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A 65-year old male with a known history of hypertension, hyperlipidemia, and chronic obstructive pulmonary disease (COPD) presented with shortness of breath, productive cough with green phlegm, and wheezing for one week. He was admitted with a COPD exacerbation. His laboratory data on admission were within normal limits except for leukocytosis of 15,000/microL. Chest x-ray was negative for pneumonia. The patient was treated with scheduled and as needed ipratropium bromide/albuterol, IV methylprednisone (60 mg IV every 8 hrs), supplemental oxygen, and IV levofloxacin. He slowly but progressively improved, but his blood sugars were uncontrolled and were persistently above 200 mg/dL. The patient denies a history of diabetes mellitus, and his hemoglobin A1c was 5.5%. What is the most likely cause of his hyperglycemia?



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Hyperglycemia - References

References

Bashir M,Naem E,Taha F,Konje JC,Abou-Samra AB, Outcomes of type 1 diabetes mellitus in pregnancy; effect of excessive gestational weight gain and hyperglycaemia on fetal growth. Diabetes & metabolic syndrome. 2019 Jan - Feb     [PubMed]
Duggan EW,Carlson K,Umpierrez GE, Perioperative Hyperglycemia Management: An Update. Anesthesiology. 2017 Mar     [PubMed]
Yayan EH,Zengin M,Erden Karabulut Y,Akıncı A, The relationship between the quality of life and depression levels of young people with type I diabetes. Perspectives in psychiatric care. 2019 Jan 7     [PubMed]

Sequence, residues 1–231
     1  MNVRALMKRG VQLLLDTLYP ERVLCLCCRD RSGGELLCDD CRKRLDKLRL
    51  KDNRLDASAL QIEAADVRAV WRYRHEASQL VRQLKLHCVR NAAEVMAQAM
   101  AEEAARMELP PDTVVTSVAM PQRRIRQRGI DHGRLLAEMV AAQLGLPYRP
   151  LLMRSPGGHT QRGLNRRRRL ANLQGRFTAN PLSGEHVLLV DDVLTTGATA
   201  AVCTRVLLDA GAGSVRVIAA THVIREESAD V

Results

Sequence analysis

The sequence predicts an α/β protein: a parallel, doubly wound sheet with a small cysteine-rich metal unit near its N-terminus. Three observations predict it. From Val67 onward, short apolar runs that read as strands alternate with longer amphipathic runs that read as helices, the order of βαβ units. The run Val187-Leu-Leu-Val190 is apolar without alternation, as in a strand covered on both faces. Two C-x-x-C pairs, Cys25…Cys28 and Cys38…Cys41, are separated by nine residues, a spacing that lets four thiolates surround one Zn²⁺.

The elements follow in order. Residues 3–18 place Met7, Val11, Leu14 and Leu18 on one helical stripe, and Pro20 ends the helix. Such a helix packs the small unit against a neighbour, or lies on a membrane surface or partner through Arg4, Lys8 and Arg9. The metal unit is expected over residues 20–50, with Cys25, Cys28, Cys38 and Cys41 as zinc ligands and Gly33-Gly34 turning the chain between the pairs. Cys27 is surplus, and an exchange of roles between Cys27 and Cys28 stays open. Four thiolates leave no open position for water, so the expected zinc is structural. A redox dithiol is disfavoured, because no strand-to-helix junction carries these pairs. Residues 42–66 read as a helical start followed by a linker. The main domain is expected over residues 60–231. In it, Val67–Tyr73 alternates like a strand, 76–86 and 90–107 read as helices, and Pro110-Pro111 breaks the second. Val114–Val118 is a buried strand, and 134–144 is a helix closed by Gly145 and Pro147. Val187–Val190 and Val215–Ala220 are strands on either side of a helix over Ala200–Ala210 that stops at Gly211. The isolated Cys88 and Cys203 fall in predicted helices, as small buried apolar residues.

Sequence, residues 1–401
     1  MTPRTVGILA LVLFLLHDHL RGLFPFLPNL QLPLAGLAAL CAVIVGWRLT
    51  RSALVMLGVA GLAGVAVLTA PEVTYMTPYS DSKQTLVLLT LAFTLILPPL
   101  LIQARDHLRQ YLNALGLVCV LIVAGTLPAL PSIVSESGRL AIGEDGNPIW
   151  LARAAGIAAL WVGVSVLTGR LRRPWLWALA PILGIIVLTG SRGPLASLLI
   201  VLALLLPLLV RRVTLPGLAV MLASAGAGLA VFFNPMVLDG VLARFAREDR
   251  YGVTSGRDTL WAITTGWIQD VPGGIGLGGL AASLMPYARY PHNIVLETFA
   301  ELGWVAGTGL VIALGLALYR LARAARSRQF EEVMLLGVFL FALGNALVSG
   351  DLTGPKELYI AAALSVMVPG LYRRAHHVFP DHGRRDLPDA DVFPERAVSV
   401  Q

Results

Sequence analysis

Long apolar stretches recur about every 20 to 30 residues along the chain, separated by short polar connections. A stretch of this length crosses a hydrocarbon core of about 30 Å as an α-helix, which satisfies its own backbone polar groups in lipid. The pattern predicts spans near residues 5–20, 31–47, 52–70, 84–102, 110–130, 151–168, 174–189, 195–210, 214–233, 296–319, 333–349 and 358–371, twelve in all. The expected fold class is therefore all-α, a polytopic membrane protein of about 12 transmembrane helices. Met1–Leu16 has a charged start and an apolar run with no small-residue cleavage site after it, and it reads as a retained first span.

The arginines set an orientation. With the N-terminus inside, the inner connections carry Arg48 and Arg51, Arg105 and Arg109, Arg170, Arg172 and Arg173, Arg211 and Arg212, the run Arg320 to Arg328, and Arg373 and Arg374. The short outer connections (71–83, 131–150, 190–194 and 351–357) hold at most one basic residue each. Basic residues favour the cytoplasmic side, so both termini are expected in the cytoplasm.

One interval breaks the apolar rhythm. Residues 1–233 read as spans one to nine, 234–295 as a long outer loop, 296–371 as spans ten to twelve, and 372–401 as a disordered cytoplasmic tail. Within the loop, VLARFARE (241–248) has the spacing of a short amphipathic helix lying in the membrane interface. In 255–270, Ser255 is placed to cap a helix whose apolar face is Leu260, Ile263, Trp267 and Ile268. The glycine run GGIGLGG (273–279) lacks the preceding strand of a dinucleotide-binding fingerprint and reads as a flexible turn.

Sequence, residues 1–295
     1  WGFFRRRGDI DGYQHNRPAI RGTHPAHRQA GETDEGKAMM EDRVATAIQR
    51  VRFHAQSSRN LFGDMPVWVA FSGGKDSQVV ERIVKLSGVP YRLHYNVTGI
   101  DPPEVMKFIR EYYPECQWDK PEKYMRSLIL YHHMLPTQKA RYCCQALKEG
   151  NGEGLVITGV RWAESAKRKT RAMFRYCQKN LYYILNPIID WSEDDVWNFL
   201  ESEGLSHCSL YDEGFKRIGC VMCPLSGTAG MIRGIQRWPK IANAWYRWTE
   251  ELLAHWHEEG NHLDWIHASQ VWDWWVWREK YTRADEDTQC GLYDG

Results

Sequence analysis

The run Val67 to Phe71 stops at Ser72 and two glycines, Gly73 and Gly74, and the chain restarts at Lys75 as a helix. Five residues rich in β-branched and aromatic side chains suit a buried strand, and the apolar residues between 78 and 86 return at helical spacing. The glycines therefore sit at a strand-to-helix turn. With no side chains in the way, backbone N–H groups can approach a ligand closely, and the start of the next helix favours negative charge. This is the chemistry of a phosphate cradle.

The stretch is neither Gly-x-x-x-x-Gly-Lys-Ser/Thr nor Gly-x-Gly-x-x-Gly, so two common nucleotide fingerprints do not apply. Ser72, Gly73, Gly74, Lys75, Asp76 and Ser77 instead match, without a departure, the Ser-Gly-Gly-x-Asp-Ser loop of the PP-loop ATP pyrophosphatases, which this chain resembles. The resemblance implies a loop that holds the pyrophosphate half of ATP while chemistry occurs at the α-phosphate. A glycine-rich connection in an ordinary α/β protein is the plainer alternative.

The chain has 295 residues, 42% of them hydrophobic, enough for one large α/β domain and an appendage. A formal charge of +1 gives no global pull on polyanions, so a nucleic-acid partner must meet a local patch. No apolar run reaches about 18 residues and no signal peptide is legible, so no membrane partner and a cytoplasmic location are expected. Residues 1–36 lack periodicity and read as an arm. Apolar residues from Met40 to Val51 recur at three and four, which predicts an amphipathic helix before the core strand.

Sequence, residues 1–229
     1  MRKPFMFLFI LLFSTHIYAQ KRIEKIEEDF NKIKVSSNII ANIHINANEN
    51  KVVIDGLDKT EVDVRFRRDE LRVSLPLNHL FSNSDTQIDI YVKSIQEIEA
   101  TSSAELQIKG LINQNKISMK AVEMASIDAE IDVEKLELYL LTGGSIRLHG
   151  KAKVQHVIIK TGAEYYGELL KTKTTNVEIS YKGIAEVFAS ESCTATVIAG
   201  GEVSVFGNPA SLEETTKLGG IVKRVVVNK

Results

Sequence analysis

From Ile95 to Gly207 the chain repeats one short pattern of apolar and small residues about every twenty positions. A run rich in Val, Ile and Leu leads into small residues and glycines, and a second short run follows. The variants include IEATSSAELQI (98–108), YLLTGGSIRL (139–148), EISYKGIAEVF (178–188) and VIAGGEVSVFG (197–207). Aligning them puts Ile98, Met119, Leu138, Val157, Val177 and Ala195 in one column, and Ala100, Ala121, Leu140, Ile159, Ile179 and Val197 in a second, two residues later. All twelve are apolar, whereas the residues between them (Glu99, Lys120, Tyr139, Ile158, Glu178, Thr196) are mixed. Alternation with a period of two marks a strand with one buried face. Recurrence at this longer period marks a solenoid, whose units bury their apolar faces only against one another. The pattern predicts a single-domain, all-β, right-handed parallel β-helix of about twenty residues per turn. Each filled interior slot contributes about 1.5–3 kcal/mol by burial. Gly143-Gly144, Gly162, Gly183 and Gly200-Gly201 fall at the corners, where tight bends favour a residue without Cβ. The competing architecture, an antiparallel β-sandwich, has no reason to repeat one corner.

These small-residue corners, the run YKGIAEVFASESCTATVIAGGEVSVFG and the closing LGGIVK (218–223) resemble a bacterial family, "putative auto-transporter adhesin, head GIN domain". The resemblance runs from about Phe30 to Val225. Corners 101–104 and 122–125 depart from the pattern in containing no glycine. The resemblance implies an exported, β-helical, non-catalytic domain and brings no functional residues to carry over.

Villegas-Valverde CC,Kokuina E,Breff-Fonseca MC, Strengthening National Health Priorities for Diabetes Prevention and Management. MEDICC review. 2018 Oct;     [PubMed]
Hammer M,Storey S,Hershey DS,Brady VJ,Davis E,Mandolfo N,Bryant AL,Olausson J, Hyperglycemia and Cancer: A State-of-the-Science Review. Oncology nursing forum. 2019 Jul 1;     [PubMed]
Yari Z,Behrouz V,Zand H,Pourvali K, New Insight into Diabetes Management: from Glycemic Index to Dietary Insulin Index. Current diabetes reviews. 2019 Jun 14;     [PubMed]
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Jacobsen JJ,Black MH,Li BH,Reynolds K,Lawrence JM, Race/ethnicity and measures of glycaemia in the year after diagnosis among youth with type 1 and type 2 diabetes mellitus. Journal of diabetes and its complications. 2014 May-Jun;     [PubMed]
Rawlings AM,Sharrett AR,Albert MS,Coresh J,Windham BG,Power MC,Knopman DS,Walker K,Burgard S,Mosley TH,Gottesman RF,Selvin E, The Association of Late-Life Diabetes Status and Hyperglycemia With Incident Mild Cognitive Impairment and Dementia: The ARIC Study. Diabetes care. 2019 Jul;     [PubMed]
Kubis-Kubiak AM,Rorbach-Dolata A,Piwowar A, Crucial players in Alzheimer's disease and diabetes mellitus: Friends or foes? Mechanisms of ageing and development. 2019 May 11;     [PubMed]
Shakya A,Chaudary SK,Garabadu D,Bhat HR,Kakoti BB,Ghosh SK, A Comprehensive Review on Preclinical Diabetic Models. Current diabetes reviews. 2019 May 10;     [PubMed]
Elgebaly MM,Arreguin J,Storke N, Targets, Treatments, and Outcomes Updates in Diabetic Stroke. Journal of stroke and cerebrovascular diseases : the official journal of National Stroke Association. 2019 Jun;     [PubMed]
Goswami G,Scheinberg N,Schechter CB,Ruocco V,Davis NJ, IMPACT OF MULTIDISCIPLINARY PROCESS IMPROVEMENT INTERVENTIONS ON GLUCOMETRICS IN A NON-CRITICALLY ILL SETTING. Endocrine practice : official journal of the American College of Endocrinology and the American Association of Clinical Endocrinologists. 2019 Mar 13;     [PubMed]